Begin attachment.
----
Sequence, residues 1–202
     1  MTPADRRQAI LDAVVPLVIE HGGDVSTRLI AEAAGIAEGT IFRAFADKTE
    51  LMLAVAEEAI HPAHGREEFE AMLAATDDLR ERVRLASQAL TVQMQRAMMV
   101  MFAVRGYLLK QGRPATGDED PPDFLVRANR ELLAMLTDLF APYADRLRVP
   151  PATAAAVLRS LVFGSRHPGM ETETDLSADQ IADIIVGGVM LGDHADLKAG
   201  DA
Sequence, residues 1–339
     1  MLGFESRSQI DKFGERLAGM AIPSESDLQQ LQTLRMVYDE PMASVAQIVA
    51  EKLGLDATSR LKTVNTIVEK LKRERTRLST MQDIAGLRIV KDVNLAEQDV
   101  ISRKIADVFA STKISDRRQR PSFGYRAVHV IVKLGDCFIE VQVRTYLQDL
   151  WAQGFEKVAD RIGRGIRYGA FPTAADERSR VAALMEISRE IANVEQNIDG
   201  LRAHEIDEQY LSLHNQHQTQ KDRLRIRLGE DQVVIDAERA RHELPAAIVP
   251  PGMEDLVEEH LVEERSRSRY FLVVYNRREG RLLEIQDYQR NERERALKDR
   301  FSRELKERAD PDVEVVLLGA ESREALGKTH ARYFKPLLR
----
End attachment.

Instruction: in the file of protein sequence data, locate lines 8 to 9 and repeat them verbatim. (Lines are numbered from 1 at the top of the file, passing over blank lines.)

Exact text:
     1  MLGFESRSQI DKFGERLAGM AIPSESDLQQ LQTLRMVYDE PMASVAQIVA
    51  EKLGLDATSR LKTVNTIVEK LKRERTRLST MQDIAGLRIV KDVNLAEQDV